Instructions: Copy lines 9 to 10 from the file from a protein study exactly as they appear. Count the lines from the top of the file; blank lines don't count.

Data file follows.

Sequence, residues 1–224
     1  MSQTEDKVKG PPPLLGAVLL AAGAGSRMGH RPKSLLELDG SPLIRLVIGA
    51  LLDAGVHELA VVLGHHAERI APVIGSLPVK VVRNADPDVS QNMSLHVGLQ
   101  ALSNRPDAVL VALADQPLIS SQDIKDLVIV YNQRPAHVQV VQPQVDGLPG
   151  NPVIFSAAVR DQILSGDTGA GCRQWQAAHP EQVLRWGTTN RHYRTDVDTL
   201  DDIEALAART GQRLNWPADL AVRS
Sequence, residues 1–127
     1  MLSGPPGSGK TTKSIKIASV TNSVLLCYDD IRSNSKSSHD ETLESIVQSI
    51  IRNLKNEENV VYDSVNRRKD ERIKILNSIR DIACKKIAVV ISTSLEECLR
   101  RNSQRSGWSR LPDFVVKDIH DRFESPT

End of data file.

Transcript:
    51  IRNLKNEENV VYDSVNRRKD ERIKILNSIR DIACKKIAVV ISTSLEECLR
   101  RNSQRSGWSR LPDFVVKDIH DRFESPT